As much as Annette Robinson longed for a college degree, her health somehow got in the way.
The Huntingdon Valley grandmother halted her studies again and again — first for breast cancer, then residual effects of childhood polio, a fractured hip and Stage 3 ovarian cancer.
In the end, even all those maladies didn't stop her from reaching her goal.
On Friday, at age 80, she rode her electric scooter proudly up the stage at Penn State's Abington campus to collect the bachelor's degree she'd set out to earn 30 years ago.
"I've been fighting like hell, and I still am," she declared.
Robinson said she'd always wanted to go to college, but there were simply too many financial obligations to meet when she graduated from West Philadelphia High. By age 21, she was married to the textile salesman she'd met while working as a bookkeeper. She took a couple of night classes at Temple University before getting pregnant — "and that was the end of that," she said.
Besides raising children, she said she was always busy with their synagogue, Congregations of Shaare Shamayim.
It wasn't until age 50, when their son and daughter had both gone through university and established professional lives, that she entertained her desire to join their ranks as a college graduate.
"I'm not the kind of person to sit home and vegetate; it's boring," she said.
So, in 1980, she enrolled in a Penn State associate's degree program. She was in the midst of preparing for finals, she said, when doctors discovered breast cancer. Her studies went on hold as she recovered from the mastectomy.
By 1983, she was back to finish her two-year degree and plowed on to bachelor's requirements. Inspired after taking several courses with Moylan Mills, who would later become her academic advisor, she found her niche in the integrative arts program.
Soon, though, flare-ups from the polio she'd suffered at age 6 made it harder to climb stairs with a heavy backpack. Then, a 1990 car accident shattered her hip and, yet again, her studies.
Neither Sits on Their Laurels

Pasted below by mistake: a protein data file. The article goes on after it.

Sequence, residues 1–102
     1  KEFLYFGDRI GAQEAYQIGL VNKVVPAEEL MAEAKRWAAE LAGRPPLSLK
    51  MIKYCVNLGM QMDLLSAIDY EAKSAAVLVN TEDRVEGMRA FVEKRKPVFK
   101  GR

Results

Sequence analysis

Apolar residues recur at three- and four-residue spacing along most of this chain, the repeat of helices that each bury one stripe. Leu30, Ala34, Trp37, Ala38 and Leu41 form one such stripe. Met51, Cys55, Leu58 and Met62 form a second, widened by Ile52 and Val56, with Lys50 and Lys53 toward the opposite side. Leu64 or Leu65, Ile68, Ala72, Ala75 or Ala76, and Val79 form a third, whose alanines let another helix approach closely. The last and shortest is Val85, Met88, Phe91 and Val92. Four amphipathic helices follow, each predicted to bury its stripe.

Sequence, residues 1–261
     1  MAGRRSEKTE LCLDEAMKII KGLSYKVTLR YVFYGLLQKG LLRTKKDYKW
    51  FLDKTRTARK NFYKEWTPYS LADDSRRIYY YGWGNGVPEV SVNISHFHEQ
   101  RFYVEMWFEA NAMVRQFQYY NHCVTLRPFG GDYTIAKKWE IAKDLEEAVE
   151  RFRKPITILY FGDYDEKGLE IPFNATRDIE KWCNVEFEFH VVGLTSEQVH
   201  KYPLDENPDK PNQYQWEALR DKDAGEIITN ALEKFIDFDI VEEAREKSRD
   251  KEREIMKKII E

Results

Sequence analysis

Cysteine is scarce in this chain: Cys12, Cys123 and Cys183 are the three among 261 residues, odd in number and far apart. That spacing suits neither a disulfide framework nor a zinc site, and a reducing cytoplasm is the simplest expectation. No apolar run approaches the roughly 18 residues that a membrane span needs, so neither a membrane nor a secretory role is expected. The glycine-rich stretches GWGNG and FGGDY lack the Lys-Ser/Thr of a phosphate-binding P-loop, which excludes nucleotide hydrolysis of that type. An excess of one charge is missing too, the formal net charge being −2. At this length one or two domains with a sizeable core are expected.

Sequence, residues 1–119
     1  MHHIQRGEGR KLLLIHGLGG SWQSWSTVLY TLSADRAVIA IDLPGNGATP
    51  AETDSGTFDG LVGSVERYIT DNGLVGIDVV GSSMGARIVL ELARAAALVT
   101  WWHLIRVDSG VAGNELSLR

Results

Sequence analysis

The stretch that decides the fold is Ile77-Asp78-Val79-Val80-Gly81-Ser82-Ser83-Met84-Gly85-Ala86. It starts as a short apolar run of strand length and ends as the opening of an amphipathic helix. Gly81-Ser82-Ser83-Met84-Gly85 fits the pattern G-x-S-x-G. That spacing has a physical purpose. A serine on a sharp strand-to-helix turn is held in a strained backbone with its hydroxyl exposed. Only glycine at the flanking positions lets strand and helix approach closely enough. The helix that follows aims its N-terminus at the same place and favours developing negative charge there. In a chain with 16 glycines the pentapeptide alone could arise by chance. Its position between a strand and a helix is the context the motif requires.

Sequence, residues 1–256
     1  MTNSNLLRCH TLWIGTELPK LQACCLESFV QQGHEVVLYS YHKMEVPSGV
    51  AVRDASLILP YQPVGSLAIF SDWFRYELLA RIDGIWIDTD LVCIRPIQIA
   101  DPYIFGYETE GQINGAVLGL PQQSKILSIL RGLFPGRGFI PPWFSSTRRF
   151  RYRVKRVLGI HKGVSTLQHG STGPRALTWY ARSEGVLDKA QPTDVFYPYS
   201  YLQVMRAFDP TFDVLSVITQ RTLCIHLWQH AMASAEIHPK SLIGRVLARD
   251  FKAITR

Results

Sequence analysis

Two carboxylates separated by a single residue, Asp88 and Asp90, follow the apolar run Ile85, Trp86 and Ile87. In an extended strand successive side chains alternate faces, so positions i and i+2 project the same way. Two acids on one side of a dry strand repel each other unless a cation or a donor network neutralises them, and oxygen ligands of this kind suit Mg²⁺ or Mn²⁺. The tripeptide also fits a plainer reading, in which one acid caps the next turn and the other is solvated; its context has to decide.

After a few years off for rehab, Robinson was back again. Her husband of nearly 60 years, Sidney, typed up papers or chauffeured her to class in their scooter-accessible van when she didn't feel up to driving herself.
Sidney's not exactly sitting around doing nothing — at 86, he works part-time at Wal-Mart.
Not once, though, did Robinson let her physical handicaps keep her from being a good student or from taking advantage of special university programs, said Mills: "She never had any excuses, and she never asked for any special favors."
"When I would walk into the class, she would be there," he said, usually in the front row with homework ready to turn in. "When I was packing up my books, she would still be there, asking questions. She is what I would call the kind of student that you want everyone to be."
More impressive than her work ethic, Mills said, was how much she grew from a "beginning student" to a perceptive critical thinker with academic honors. Culturally, he continued, it opened her to a world of shows, operas and museums that simply hadn't been a major part of her life before then.
Because she was so enthusiastic about school, he said, her classmates embraced her.
"We all have to have the papers in, we all have to respond in class, so there's no age difference in the class," said Robinson. "The only thing they noticed this semester was I had no hair, so I had a hat on. So when it came back in, I had it colored, and they all complimented me on how nice it looked."
If not for her most recent battle with ovarian cancer, Robinson would have been on track to finish her coursework in December.
The night before surgery, she told the doctor, " 'All I want to do is graduate,' " remembered her daughter, Sharon Robinson-Taylor. "That's how much it meant to her."
Said Robinson: "I wanted to live, but it really gave me something more to fight for."
Like her mother, Robinson-Taylor, a 53-year-old special-education teacher from Middletown Township, was also back in school at the time, spending her evenings in a Cabrini College master's degree program. She said she wrote her last few papers sitting beside her mother's hospital bed.
The affirmation of Robinson's achievement is bittersweet, though, because it also signifies the end of something that's kept her going for so long. As Robinson put it, it's been "the most high point in my life."
Robinson said she cannot imagine life without college. Maybe, she said, she'll look in-to auditing an Italian culture course that caught her eye this summer.
"You know what?" she said. "They can take your health, but they can never take the knowledge away from you that's in your head."